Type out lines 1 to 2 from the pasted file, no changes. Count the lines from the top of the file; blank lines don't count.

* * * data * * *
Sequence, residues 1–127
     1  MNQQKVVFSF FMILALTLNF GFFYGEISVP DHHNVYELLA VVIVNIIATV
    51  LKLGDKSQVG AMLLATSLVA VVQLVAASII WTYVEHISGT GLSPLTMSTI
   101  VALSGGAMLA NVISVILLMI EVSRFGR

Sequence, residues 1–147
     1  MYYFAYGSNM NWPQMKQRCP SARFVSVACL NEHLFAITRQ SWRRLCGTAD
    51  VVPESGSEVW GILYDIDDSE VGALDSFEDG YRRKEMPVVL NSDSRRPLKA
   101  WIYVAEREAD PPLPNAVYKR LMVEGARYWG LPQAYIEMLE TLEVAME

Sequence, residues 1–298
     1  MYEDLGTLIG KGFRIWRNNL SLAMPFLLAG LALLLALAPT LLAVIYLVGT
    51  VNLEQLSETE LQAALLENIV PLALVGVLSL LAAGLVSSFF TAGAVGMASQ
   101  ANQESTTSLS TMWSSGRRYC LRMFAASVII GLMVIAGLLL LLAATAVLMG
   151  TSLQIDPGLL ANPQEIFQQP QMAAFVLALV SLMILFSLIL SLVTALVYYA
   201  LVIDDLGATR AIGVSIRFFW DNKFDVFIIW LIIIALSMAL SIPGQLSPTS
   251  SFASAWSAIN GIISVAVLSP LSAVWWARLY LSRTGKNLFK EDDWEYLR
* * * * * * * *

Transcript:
Sequence, residues 1–127
     1  MNQQKVVFSF FMILALTLNF GFFYGEISVP DHHNVYELLA VVIVNIIATV